1. ## Surrender to Madness Simulation and AMR Stat Weights

Hey all, I'm Swol, the main theorycrafter at AMR. I wanted to stop by and post some information regarding S2M simulation and the new gearing strategy that we are recommending for shadow after the Nov 14th hotfix.

First I'll talk about the gearing strategy. You can find our new weights for Ursoc-style fights here:

As you can see, I'm finding Crit, Haste, Intellect, and Mastery to all be very close in value. Crit is slightly edging out Haste right now, which is really the big change/surprise. I've spent about two full days now doing almost nothing besides shadow priest simulations over and over again... and we are in a situation where stat "weights" don't really describe what we want all that well. Lets take a very brief moment to remind ourselves what stat weights really are:

The idea behind stat weights is that your DPS will scale more or less linearly with stats. You can create stat weights a number of different ways. AMR does this by collecting 1000 data points randomly sampled from sets of gear with varying stat allocations, and then we use multiple linear regression to find the actual weights. This generates a linear function that we use to predict DPS in the form of:

weight1 * stat1 + weight2 * stat2 + ...

But, what about a spec like shadow that has a definite non-linear scaling for haste and crit? This predictive model will not do very well across a wide range of gear. So, you will often see TC'ers try to use "soft caps" on the weights to band-aid the results and make them a bit better. In the case of shadow right now... just one soft cap won't help us. There is a constantly varying relationship between crit/haste. Sometimes you will do more damage with them equal, sometimes more by favoring haste, sometimes more by favoring crit. In order to really score a set of gear well, we would need a non-linear function that describes this relationship over a range of values. We're actually working on that at AMR, but, it's not ready yet, so, we need to make due with good old stat weights for now.

Many TC'ers have posted about how the value of Haste drops off dramatically for S2M somewhere in the 11-12k rating on gear range. I'm finding this to still be true. One of the benefits of these latest weights is that by valuing Crit ever so slightly above Haste... you really don't need to worry about a Haste "cap" - you'll realistically never reach it if you are following this gearing advice. But, if you do find yourself swimming in Haste gear, I do suggest that you still keep it below 12k.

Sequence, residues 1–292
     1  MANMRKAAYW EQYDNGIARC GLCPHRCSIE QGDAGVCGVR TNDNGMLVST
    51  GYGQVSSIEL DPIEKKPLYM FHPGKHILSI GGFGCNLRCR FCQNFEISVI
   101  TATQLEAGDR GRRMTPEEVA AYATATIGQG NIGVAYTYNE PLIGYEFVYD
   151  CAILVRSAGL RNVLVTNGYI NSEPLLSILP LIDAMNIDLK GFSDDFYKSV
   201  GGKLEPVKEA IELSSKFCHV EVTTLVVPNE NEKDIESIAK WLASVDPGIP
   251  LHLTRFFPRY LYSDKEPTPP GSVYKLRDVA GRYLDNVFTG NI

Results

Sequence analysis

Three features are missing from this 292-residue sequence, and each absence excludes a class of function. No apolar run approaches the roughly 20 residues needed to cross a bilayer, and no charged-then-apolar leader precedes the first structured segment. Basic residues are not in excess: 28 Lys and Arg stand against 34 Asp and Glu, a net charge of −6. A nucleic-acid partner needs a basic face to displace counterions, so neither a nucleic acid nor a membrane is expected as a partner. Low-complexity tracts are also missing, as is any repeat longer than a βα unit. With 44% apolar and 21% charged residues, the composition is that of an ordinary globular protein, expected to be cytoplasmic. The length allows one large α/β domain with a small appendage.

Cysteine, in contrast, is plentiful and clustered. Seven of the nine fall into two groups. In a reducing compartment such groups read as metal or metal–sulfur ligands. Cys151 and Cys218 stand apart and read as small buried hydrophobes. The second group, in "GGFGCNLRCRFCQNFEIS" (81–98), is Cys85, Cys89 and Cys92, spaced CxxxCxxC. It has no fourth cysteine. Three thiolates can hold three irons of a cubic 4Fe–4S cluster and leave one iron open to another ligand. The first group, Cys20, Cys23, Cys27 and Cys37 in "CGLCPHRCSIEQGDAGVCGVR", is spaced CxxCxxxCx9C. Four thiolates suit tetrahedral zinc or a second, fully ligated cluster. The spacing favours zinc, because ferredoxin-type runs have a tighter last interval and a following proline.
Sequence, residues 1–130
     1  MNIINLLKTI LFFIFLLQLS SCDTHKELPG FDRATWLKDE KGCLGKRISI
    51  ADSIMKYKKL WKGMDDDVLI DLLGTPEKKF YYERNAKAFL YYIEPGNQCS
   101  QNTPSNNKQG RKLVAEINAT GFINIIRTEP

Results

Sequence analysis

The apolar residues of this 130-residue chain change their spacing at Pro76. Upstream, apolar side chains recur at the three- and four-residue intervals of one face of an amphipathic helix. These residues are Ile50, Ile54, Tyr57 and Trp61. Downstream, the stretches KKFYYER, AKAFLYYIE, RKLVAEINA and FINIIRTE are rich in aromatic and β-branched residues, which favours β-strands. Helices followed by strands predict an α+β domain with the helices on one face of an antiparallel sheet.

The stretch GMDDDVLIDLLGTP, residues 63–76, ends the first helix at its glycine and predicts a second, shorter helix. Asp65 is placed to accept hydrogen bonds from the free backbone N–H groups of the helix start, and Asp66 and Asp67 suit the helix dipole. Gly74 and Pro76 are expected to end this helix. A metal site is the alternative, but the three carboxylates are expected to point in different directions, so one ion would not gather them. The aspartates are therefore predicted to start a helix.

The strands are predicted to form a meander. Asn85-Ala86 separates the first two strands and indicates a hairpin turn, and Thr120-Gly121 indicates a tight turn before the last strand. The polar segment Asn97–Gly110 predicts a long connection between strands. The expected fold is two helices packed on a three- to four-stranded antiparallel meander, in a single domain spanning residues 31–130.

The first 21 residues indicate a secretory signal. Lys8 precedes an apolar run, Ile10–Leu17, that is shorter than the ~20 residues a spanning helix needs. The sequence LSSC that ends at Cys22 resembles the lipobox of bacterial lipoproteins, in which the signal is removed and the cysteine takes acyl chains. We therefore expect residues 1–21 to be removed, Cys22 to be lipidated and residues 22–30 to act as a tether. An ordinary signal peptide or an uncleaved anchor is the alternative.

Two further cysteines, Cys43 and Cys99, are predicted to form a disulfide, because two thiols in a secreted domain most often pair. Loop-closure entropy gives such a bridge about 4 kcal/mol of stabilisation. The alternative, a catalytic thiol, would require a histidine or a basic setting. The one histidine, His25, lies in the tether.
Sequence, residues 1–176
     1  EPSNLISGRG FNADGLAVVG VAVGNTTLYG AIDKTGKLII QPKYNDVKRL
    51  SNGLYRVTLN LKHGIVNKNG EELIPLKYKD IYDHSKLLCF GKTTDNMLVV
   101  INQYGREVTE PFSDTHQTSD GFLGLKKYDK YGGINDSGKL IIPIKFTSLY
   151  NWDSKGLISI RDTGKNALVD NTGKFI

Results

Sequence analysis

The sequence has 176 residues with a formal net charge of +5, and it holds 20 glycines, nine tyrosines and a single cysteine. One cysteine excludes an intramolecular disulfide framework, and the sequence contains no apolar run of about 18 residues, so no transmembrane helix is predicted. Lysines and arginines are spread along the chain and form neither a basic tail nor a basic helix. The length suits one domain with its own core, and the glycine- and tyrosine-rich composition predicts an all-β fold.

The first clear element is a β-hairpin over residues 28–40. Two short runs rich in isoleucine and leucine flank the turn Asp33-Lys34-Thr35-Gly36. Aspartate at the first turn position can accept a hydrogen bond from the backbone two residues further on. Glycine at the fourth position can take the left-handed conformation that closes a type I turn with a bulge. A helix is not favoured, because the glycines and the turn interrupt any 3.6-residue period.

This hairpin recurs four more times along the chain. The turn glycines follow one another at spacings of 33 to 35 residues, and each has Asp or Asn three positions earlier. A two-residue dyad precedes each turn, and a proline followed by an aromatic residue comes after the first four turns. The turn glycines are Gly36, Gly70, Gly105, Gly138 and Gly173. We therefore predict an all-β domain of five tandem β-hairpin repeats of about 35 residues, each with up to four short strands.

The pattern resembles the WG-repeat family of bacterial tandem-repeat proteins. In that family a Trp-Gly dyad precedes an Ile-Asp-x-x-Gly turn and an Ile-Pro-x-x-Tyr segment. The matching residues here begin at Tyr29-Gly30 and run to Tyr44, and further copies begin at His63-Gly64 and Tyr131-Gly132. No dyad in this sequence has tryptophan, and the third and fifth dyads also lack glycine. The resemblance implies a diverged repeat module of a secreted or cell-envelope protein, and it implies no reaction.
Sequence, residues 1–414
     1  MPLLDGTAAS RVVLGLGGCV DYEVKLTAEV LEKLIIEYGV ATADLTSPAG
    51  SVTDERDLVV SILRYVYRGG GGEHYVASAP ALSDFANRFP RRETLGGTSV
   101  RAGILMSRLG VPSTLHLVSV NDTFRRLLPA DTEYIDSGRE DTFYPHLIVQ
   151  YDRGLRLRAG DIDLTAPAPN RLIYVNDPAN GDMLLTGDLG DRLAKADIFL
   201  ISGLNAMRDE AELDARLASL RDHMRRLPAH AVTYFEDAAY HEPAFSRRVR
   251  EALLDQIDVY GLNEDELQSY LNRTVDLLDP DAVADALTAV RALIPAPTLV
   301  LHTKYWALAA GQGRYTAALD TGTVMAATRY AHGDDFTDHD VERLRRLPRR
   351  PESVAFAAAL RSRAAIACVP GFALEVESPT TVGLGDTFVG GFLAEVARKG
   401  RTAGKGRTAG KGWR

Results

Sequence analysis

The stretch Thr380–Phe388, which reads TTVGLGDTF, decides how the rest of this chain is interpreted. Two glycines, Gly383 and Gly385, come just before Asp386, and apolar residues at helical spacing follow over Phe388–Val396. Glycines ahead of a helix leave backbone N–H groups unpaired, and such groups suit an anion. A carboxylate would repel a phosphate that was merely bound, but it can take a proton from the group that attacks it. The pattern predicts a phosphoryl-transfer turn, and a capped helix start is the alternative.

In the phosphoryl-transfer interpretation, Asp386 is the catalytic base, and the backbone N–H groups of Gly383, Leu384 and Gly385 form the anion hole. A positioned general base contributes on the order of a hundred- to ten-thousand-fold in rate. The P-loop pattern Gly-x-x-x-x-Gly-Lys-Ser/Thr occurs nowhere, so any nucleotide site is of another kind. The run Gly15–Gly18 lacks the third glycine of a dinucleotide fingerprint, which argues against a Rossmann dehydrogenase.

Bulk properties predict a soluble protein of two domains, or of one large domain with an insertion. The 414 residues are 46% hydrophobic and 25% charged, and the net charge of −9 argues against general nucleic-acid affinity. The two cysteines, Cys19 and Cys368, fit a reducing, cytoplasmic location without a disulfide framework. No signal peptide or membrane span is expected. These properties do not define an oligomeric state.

My best advice right now is to aim for gear with equal amounts of Crit and Haste. If you are doing more fights where you use bloodlust at the end of the fight during S2M, favor Crit a bit more. If you are doing fights where you lust on the pull more often, favor Haste a bit more. Our default single-target weights are for the Ursoc (H) script, which uses bloodlust during the enrage at the end of the fight, which is why you see us recommending Crit slightly above Haste.

We also have a set of weights for Mythic+ now, which favors Haste heavily:

Mythic+ weights are a discussion all to themselves, though.

Now lets talk about S2M simulation itself. First off, I have incorporated numerous optimizations to the shadow rotation for S2M in the past two days. If you have been unhappy with the simulation results for shadow in the past on AMR, give it another try - the DPS is substantially higher now.

The first thing a lot of people will say is: "Hey, I know I can get longer S2M durations than what the simulation shows." This is true. But, your average damage will decrease in a simulator by attempting to go for the longest S2M possible. I'll try to explain, and I apologize if I fail horribly.

The duration of your last voidform can be highly variable, especially as you push it longer and longer. A stretch of zero shadowy apparition procs can create an insanity deficit that drops you out earlier than usual. The slightly fluctuation or delay in your rotation can screw it up, etc. In a simulator, we could set it up to attempt to find the longest possible S2M duration you could get. Lets say it is possible to get up to 150 seconds on a god-like lucky parse. But, then the average duration is, say, 125 seconds and the minimum is 100 seconds. Most of the iterations will be around 125 seconds +/- 5 seconds or so. You'll get a few bad ones that are shorter, and a few really good ones that are longer. But, on average, you are dying 25 seconds before the fight ends... which is awful. So, in a simulator, you want the average S2M duration to be as close as possible to the maximum. This means that, on average, you die just as the fight ends. Being a bit conservative results in much higher average DPS.

In-game, you have no way to guess the end of the fight at 120+ seconds out with accuracy greater than +/- 10 seconds (or more really). The game is too random. So, your DPS can vary greatly from fight to fight. You can get great parses that are better than what a simulator shows.

I purposefully limit the simulator to a more conservative S2M duration. This increases the average DPS, but, it also cuts out the really high-end (and really low-end) iterations. Besides increasing average simulated DPS, the other reason I do this is because introducing large volatility into simulations makes them ridiculously slow. Slow to the point that it is prohibitive to even do any theorycraft with the results.

Below is a link to my latest rotation and I'll give a few notes on it for those who are interested.

1.) If you expand the "Learned Variables" you will see two learned values. Those track how long our non-surrender voidforms are and also how long our surrender phase is. Note that the SurrenderDuration variable only learns the minimum and average values. The rotation has to specify a maximum.